Exercise 10.

Explain why it is not reasonable to conclude that having big feet causes a high reading score. Can you think of a different explanation for why you might see a pattern like this?

Answer:

Possible response: You cannot conclude that just because there is a statistical relationship between shoe size and reading score that one causes the other. These data were for students completing a reading test for younger elementary school children. Older children, who would have bigger feet than younger children, would probably tend to score higher on a reading test for younger students.

### Eureka Math Grade 8 Module 6 Lesson 6 Problem Set Answer Key

Question 1.

The table below shows the price and overall quality rating for 15 different brands of bike helmets.

Data source: www.consumerreports.org

Construct a scatter plot of price (x) and quality rating (y). Use the grid below.

Answer:

Question 2.

Do you think that there is a statistical relationship between price and quality rating? If so, describe the nature of the relationship.

Answer:

Sample response: No. There is no pattern visible in the scatter plot. There does not appear to be a relationship between price and the quality rating for bike helmets.

Question 3.

Scientists are interested in finding out how different species adapt to finding food sources. One group studied crocodilian species to find out how their bite force was related to body mass and diet. The table below displays the information they collected on body mass (in pounds) and bite force (in pounds).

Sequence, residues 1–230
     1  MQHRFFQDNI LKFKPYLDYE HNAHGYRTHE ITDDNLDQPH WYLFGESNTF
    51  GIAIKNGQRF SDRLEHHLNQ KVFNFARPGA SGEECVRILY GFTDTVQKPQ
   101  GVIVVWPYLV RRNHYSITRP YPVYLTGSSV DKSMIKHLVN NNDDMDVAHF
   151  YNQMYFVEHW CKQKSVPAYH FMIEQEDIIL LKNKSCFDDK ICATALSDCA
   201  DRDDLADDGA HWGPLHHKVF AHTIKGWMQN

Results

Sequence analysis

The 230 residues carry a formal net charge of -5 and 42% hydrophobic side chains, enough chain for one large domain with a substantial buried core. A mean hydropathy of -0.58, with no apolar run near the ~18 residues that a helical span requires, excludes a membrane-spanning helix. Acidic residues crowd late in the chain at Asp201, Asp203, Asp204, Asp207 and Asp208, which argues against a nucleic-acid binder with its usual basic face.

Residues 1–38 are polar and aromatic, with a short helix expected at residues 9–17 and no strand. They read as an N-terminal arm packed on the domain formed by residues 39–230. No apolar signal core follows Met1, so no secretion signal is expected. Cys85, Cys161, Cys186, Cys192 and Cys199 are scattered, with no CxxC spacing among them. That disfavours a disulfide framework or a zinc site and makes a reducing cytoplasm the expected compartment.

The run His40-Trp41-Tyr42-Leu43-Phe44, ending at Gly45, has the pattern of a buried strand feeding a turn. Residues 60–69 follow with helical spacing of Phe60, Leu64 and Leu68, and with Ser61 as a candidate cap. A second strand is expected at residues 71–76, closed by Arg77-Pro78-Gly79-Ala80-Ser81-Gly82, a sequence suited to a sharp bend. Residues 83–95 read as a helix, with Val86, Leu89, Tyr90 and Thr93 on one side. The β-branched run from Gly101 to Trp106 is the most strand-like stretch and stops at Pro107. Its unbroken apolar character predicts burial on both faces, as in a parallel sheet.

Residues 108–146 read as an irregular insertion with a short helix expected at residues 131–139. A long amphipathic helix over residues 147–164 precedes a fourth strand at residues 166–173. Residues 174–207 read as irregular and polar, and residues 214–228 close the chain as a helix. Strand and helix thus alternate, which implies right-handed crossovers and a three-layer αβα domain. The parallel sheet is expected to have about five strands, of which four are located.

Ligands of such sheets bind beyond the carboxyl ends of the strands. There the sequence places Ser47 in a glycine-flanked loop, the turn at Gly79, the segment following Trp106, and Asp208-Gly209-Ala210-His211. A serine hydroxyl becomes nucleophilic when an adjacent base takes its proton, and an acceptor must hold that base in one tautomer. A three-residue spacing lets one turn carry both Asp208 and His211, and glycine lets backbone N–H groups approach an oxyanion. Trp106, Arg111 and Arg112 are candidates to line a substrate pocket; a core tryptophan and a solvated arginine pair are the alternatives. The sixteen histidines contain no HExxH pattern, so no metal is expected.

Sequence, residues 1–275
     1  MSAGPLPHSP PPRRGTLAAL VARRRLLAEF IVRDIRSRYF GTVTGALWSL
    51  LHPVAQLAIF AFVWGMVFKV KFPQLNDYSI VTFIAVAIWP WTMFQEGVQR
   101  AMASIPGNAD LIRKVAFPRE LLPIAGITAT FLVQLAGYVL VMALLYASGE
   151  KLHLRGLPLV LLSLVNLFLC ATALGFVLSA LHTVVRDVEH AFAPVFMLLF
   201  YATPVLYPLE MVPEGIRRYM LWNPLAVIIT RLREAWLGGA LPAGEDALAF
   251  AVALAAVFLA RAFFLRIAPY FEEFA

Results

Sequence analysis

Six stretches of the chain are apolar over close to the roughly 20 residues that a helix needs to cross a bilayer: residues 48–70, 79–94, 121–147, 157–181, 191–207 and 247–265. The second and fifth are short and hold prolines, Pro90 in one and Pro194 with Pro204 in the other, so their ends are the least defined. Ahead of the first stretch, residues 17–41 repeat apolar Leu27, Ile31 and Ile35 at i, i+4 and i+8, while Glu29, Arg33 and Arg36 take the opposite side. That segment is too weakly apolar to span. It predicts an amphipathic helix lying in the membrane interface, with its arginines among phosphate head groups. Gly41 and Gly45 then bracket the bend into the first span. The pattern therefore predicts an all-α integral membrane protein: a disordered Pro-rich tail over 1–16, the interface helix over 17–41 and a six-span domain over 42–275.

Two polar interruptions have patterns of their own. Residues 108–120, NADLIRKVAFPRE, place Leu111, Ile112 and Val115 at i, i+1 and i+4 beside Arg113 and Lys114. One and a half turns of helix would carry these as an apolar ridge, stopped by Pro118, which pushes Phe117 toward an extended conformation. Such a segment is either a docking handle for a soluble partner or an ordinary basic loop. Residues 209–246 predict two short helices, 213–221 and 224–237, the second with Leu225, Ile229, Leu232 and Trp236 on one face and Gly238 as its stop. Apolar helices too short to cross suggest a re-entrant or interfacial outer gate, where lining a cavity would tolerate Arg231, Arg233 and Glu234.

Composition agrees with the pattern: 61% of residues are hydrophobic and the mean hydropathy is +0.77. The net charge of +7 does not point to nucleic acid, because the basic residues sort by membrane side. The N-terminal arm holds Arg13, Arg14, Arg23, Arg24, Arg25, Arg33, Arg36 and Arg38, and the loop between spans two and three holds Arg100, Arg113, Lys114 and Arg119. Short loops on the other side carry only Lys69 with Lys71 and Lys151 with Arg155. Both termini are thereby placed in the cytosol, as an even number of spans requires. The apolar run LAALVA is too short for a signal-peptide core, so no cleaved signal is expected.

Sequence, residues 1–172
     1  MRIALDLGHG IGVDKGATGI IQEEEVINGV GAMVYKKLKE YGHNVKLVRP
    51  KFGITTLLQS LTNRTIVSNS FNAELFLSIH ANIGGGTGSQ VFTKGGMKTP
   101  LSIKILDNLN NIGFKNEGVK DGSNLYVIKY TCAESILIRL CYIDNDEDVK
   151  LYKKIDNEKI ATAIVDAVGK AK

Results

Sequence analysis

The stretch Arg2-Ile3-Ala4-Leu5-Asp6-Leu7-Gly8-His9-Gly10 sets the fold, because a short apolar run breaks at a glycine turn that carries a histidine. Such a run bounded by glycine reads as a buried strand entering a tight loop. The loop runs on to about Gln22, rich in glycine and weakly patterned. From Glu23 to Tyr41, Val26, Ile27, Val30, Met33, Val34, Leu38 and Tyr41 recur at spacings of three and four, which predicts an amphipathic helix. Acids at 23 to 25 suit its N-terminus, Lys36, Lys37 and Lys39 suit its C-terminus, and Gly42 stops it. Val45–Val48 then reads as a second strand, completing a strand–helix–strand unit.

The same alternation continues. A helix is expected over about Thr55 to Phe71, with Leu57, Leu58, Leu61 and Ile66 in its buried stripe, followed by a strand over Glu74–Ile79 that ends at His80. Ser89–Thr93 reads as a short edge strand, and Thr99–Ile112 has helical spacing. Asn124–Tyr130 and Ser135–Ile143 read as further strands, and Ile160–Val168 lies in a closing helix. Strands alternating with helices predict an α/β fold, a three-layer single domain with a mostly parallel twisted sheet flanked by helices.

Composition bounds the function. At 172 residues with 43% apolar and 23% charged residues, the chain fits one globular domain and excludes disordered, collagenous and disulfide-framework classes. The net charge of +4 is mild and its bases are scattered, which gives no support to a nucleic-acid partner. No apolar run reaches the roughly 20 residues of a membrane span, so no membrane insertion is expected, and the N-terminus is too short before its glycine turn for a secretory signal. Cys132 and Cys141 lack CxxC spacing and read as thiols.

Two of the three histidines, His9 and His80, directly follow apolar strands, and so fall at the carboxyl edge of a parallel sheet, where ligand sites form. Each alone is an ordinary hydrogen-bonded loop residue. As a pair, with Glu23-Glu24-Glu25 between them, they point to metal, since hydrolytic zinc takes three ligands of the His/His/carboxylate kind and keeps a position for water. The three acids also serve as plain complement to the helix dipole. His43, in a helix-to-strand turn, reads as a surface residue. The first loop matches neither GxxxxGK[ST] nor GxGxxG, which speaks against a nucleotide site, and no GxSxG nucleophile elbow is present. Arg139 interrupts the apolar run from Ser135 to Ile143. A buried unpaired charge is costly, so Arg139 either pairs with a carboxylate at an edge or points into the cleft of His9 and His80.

Data Source: http://journals.plos.org/plosone/article?id=10.1371/journal.pone.0031781#pone-0031781-t001

(Note: Body mass and bite force have been converted to pounds from kilograms and newtons, respectively.)

Construct a scatter plot of body mass (x) and bite force (y). Use the grid below, and be sure to add an appropriate scale to the axes.

Answer:

Question 4.

Do you think that there is a statistical relationship between body mass and bite force? If so, describe the nature of the relationship.

Answer:

Sample response: Yes, because it looks like there is an upward pattern in the scatter plot. It appears that alligators with larger body mass also tend to have greater bite force.

Question 5.

Based on the scatter plot, can you conclude that increased body mass causes increased bite force? Explain.

Answer:

Sample response: No. Just because there is a statistical relationship between body mass and bite force does not mean that there is a cause-and-effect relationship.

### Eureka Math Grade 8 Module 6 Lesson 6 Exit Ticket Answer Key

Energy is measured in kilowatt-hours. The table below shows the cost of building a facility to produce energy and the ongoing cost of operating the facility for five different types of energy.

Question 1.

Construct a scatter plot of the cost to build the facility in dollars per kilowatt-hour (x) and the cost to operate the facility in cents per kilowatt-hour (y). Use the grid below, and be sure to add an appropriate scale to the axes.

Answer:

Question 2.

Do you think that there is a statistical relationship between building cost and operating cost? If so, describe the nature of the relationship.

Answer:

Answers may vary. Sample response: Yes, because it looks like there is a downward pattern in the scatter plot. It appears that the types of energy that have facilities that are more expensive to build are less expensive to operate.

Question 3.

Based on the scatter plot, can you conclude that decreased building cost is the cause of increased operating cost? Explain.

Answer:

Sample response: No. Just because there may be a statistical relationship between cost to build and cost to operate does not mean that there is a cause-and-effect relationship.